Google has come to so completely dominate search engine technology that it has even become a widely accepted verb, as in: to google, even when used in a generic way referring to searching for information on the web.

It has been listed in two authoritative dictionaries – the Oxford English Dictionary and the Merriam-Webster Collegiate Dictionary since 2006.

Now, with the web serving as a seemingly endless resource of archived news articles, comments, editorials, speeches, videos, photographs, graphs and maps, voters “google” candidates for information ranging from birthdate, parents, names of siblings to previous offices, policies, positions, quotes and controversies.

But for voters concerned about the health of Democrat presidential nominee Hillary Clinton – whether out of political or genuine concern – will have a hard time finding out anything about it if they use Google.

Former New York Mayor Rudy Giuliani has urged people to “go online and put down Hillary Clinton's illness [and] take a look at the videos for yourself,” but New York Times columnist Farhad Manjoo called on Google to “fix its search engine results so it doesn't give quarter to conspiracy theories.”

And it appears they took Manjoo’s advice, as reports, including screen shots of search results, show that the left-leaning powers that control the search engine are making it hard to search using the term, “Hillary Clinton health.”

Instead of retrieving articles relating to Clinton’s history of fainting and falls, including one that resulted in a concussion in 2012 with the complication of double-vision that required special glasses, a broken arm, her general health including hypothyroidism and coagulation disorder, and medications, a Google search returns, “Hillary Clinton headquarters” or “Hillary Clinton health law vote.”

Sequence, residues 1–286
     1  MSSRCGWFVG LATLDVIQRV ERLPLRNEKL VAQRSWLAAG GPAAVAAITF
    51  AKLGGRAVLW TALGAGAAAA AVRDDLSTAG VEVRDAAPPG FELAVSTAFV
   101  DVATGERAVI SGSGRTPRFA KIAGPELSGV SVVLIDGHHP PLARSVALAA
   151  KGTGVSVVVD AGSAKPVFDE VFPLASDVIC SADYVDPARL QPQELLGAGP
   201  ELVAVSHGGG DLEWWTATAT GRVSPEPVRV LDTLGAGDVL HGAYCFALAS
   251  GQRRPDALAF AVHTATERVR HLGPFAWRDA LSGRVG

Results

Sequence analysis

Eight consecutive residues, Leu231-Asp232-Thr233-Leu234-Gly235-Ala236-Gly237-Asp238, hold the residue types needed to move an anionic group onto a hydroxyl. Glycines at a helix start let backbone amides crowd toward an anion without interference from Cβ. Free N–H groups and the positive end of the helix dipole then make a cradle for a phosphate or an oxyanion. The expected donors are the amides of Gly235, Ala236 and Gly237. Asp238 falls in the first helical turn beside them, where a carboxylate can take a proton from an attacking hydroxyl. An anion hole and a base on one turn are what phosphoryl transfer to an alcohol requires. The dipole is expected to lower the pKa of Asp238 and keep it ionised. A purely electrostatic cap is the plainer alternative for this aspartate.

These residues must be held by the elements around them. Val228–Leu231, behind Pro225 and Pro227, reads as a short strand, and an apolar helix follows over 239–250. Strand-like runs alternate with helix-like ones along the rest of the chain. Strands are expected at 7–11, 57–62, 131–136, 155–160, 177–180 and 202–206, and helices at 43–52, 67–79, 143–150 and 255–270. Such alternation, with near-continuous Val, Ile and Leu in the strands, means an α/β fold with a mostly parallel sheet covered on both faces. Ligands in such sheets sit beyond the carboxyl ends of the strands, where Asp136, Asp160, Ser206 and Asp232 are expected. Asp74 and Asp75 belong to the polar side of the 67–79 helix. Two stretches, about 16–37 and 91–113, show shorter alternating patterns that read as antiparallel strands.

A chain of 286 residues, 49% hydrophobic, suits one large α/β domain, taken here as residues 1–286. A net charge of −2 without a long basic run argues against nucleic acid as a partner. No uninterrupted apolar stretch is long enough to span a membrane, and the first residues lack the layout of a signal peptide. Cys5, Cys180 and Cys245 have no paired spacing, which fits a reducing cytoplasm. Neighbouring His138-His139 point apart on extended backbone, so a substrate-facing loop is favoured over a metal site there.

Google is burying searches about the candidate’s health with unrelated auto-suggestions completed unrelated to the her health, although other search engines like Yahoo or Bing return responsive suggestions.

Clinton herself has fueled speculation and rumors about her health by adopting a relaxed schedule, frequently taking time off from the grueling campaign trail and disappearing from the public.

She often appears tired, seems to search for words in the middle of speeches, and has had prolonged coughing fits while speaking. She was noticeably late returning to the stage from a break during a televised Democrat debate.

Both Clinton and her Republican opponent, billionaire businessman Donald Trump, are more than 20 years older than Barack Obama, Bill Clinton, and, of course, John F. Kennedy when they were elected, raising concerns about their ability to handle the stress of the most difficult job in the world.

A recently released email from her longtime aide, Huma Abedin, to other staffers warned that Clinton “is often confused.”

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